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Cookstoves for carbon reduction

In many countries around the world, households burn firewood or biomass to fulfil their cooking and heating needs. Burning such fuels for cooking emits high levels of carbon dioxide (CO2) and other harmful emissions, causing many health problems. It also contributes to unsustainable wood harvesting, causing deforestation and reducing carbon uptake by forests.

Cookstoves for carbon reduction

Health impacts of cooking with open fire

According to the World Health Organization, around 2.4 billion people worldwide (around a third of the global population) cook using open fires or inefficient stoves fueled by kerosene, biomass (wood, animal dung, and crop waste), and coal, which generates harmful household air pollution.

Burning solid fuels such as wood and charcoal release carbon dioxide, carbon monoxide, methane and black carbon. Black carbon is a small, dark particle that is released as a result of the incomplete combustion of solid fuels. Although black carbon is a particle rather than a greenhouse gas, the World Bank estimates it is the second largest contributor to environmental harm after CO2.

Start making a positive impact: calculate your carbon footprint today

Households are exposed to toxins that cause respiratory diseases. Indoor air pollution was responsible for 3.2 million deaths per year in 2020, including over 237,000 deaths of children under the age of 5.

According to United Nations data, women who typically do the cooking frequently visit local health centers suffering from respiratory diseases due to inhaling smoke.

The highest health costs associated with the use of polluting fuels and technologies in households are borne by women and children who are often in charge of household tasks like cooking and collecting firewood.

Read more: Breathe easy: How trees are nature's air-cleaning machines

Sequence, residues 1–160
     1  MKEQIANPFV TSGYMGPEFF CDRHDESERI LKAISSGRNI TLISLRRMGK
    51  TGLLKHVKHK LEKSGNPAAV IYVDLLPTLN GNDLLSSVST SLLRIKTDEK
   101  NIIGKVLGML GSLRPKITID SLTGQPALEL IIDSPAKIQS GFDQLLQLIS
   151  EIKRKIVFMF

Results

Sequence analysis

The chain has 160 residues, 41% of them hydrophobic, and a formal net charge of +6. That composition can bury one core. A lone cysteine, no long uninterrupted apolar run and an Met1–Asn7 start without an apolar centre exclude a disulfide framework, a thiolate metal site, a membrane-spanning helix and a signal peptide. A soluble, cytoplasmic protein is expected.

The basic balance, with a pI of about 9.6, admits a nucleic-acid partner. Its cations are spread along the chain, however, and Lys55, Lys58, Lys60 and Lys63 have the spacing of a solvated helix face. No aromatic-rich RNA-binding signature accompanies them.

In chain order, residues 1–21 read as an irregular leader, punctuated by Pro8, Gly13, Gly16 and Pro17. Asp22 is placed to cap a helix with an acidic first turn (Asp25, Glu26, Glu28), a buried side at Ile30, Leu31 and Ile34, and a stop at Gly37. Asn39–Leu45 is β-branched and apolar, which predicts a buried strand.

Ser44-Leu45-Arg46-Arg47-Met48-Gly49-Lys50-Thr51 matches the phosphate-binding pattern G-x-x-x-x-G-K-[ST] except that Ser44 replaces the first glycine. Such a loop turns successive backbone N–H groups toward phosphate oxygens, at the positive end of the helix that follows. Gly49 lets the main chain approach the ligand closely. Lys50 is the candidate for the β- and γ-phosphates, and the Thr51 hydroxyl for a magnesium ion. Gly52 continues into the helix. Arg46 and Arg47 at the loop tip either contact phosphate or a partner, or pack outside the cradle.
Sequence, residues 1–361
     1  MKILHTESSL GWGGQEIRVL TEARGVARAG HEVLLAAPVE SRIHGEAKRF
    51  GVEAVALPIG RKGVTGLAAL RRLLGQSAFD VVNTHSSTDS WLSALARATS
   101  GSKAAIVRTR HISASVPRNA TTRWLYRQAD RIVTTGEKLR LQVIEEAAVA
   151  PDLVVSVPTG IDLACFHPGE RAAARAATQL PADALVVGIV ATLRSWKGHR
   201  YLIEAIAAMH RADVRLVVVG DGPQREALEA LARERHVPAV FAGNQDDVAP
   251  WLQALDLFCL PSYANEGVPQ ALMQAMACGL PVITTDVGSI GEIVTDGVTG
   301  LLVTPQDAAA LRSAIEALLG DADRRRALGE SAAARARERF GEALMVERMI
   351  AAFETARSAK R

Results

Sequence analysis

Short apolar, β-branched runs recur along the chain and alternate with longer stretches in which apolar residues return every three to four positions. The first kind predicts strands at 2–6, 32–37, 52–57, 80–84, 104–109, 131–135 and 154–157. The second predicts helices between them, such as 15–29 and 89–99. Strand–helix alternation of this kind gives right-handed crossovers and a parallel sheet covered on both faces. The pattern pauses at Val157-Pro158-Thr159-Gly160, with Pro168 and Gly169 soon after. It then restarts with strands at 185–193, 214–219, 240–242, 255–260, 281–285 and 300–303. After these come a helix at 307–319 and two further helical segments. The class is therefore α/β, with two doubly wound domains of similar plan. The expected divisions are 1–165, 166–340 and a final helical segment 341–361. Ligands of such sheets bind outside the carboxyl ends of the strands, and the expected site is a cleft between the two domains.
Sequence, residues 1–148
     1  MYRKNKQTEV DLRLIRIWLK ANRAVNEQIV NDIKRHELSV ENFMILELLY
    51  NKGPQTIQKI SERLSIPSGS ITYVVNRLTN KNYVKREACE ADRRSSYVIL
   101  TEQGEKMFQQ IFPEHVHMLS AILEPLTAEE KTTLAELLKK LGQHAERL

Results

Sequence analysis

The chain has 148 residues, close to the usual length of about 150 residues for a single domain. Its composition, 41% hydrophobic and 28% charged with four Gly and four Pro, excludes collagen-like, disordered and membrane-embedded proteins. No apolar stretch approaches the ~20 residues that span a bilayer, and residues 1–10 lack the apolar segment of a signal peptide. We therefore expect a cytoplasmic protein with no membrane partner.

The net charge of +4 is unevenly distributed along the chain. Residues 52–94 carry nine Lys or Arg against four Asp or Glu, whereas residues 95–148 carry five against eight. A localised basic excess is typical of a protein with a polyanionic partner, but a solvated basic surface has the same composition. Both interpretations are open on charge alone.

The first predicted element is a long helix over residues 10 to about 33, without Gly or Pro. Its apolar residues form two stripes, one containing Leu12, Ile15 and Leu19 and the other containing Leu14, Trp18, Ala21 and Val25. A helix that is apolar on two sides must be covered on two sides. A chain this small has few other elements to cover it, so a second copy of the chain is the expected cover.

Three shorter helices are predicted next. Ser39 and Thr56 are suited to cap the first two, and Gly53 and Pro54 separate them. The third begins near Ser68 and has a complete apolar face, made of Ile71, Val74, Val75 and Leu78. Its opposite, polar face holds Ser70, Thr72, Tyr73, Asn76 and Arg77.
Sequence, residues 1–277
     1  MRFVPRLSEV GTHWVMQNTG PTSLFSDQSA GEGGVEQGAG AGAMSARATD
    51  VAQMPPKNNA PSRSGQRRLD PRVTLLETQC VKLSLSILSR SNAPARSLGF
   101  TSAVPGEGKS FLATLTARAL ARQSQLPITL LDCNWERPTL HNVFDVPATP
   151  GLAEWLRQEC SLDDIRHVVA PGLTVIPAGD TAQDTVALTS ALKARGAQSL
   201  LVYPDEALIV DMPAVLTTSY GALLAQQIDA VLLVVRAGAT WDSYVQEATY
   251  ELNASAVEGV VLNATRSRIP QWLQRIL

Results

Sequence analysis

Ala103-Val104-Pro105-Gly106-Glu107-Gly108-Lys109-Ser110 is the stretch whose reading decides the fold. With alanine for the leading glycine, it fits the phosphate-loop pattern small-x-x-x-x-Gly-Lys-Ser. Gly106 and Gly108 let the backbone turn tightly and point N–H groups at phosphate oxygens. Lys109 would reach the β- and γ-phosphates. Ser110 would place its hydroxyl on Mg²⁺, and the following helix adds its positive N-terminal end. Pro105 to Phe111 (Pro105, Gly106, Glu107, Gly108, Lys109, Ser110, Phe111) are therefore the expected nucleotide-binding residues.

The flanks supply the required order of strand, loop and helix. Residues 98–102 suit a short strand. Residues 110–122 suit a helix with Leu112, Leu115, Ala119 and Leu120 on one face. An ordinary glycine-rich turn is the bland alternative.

Women and children spend a lot of time gathering fuel, which raises the risk of physical injuries and interferes with other useful tasks like education. They are also at risk of harm while obtaining fuel in less safe locations.

Energy-efficient cookstoves vs inefficient stoves 

Energy-efficient cookstoves reduce the amount of wood used for fuel, decreasing deforestation and indoor air pollution. Wood and charcoal use can be reduced as a result of these stoves, and many of the current more advanced efficient cookstoves have been shown to reduce fuel up to 66%.

They also provide cleaner, more complete combustion, which can result in fewer CO2 and black carbon emissions. The most advanced energy-efficient and low-emission cookstoves can reduce black carbon emissions by between 50% and 90%.

Daily fuel wood use can be reduced from 1520 kilograms to 23 kilograms. The reduction in wood use can effectively reduce this source of deforestation, allowing afforestation or conservation projects to be more effective.

Each energy-efficient cookstove reduces CO2 emissions by 2.85 tonnes annually compared to traditional open-fire cooking.

The fuel in improved cookstoves is burned more efficiently, releasing reduced amounts of CO2 into the atmosphere. Also, improved efficiency means a reduction in the number of trees removed from forests for cooking fuel. In addition, it saves households time in collecting firewood and increases household income.

Energy-efficient cookstoves therefore offer many health, community, and environmental benefits. By using energy-efficient cookstoves, verified carbon credits are also created, which can then be purchased by companies seeking to offset their carbon emissions and reach net zero.

DGB Group's energy-efficient cookstove projects 

DGB Group is developing and managing two different energy-efficient cookstove projects: the Sawa Cookstove Project in Cameroon and the Hongera Energy Efficient Cookstove Project in Kenya.

Both involve the manufacturing and distribution of energy-efficient, locally-manufactured and sustainably-produced cookstoves to individuals and communities. DGB manufactures and distributes 150,000 efficient cookstoves to people in multiple sites across Mount Kenya and the Aberdare regions in Kenya. In Cameroon, DGB also distributes 150,000 efficient cookstoves to encourage local populations to use this efficient way for heating and cooking in Cameroon's Central Region.

Read more: Igniting impact: scaling up the Kenya cookstoves project 

Together, these projects are expected to create over 4.9 million credits over their lifetime and positively impact 300,000 households.

Our stoves are changing lives, helping the environment, and improving community health. With your investment, we can scale these positive impacts and ensure the projects' long-term tangible benefits. The verified carbon credits created by these projects also help you offset your carbon footprint and become nature postive. 

Become nature positive with DGB

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